Shapiro bets $11M on site development for major business expansion

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(The Center Square) — Gov. Josh Shapiro wants to attract major business expansions to Pennsylvania by getting sites shovel-ready.

That’s why the administration will spend $11 million on seven sites and has already proposed to spend $500 million more in the coming year.

“Every neighbor around us is investing more in site development than Pennsylvania has in recent years,” Shapiro said at a press conference in Westmoreland County, where $2.5 million will turn a 217-acre former industrial plant into an industrial park.

More than a century ago, Shapiro noted, Westmoreland County’s Alcoa sent aluminum around the world.

“That legacy of economic leadership, legacy of manufacturing, legacy of innovation continues to this day and I think it’s critically important that we invest in it and continue to make progress on it,” he said.

The governor argued the state has no choice but to ready sites with public infrastructure like electrical hookups, sewage connectors and highway improvements.

“If we don’t make these kinds of investments, employers are gonna go somewhere else,” Shapiro said.

The administration has talked up site development as key to broader economic growth. Rick Siger, secretary of the Department of Community and Economic Development, has previously argued advanced manufacturing can’t take hold in Pennsylvania without these efforts.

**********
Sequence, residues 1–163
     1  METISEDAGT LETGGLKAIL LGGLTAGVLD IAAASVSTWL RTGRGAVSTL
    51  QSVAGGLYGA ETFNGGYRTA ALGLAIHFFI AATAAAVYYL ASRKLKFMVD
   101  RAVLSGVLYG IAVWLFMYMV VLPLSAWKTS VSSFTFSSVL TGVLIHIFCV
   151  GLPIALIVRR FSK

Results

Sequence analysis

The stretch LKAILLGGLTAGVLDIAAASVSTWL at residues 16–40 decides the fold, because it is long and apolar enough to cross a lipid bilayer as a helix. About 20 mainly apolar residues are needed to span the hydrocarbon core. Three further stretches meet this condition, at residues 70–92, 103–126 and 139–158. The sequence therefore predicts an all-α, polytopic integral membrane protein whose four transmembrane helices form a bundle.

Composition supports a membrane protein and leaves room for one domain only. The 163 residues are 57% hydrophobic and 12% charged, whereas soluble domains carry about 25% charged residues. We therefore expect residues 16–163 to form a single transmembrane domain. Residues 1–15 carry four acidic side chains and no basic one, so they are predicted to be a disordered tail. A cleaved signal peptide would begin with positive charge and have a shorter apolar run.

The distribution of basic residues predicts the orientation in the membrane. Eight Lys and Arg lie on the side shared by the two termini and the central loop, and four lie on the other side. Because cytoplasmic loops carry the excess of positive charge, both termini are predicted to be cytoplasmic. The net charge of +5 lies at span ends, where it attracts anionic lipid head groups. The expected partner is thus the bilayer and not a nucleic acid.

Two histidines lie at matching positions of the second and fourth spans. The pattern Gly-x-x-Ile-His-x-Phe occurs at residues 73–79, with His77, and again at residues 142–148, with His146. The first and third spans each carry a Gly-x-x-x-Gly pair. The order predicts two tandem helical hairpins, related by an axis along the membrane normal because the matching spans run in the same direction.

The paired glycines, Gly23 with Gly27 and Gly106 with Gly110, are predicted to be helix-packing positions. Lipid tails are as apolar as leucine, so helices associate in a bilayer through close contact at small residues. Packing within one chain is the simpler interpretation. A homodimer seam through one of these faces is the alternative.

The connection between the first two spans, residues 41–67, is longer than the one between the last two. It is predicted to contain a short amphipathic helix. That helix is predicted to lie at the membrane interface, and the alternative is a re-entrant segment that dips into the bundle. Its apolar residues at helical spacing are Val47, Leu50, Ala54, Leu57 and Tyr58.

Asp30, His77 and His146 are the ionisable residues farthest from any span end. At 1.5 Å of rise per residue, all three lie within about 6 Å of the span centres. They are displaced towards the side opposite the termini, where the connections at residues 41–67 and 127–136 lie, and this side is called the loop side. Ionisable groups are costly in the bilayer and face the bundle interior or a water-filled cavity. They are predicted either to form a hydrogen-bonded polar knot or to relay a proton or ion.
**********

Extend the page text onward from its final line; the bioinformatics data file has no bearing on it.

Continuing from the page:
The governor argued that future success will flow from repurposed land.

“You gotta have a direction, a north star, you have to understand where you’re going in order to make sure that the investments, the dollars you put forth, the red tape that you cut through, that it all flows in the same direction and allows you to accomplish something,” Shapiro said.

He called economic development, education and public safety the key areas of investment in his budget proposal.

Beyond Westmoreland County, Allegheny, Bedford, Bucks, Indiana, Lehigh and Wayne Counties will all receive funding for similar site development projects.

“The lack of ready-to-go sites has long been a barrier to attracting new businesses to the Commonwealth,” Westmoreland County Commissioner Ted Kopas said in a press release. “Public funding in business-ready sites are smart investments that generate large returns by generating exponential private investment and supporting the economies and tax base of local governments, like Westmoreland.”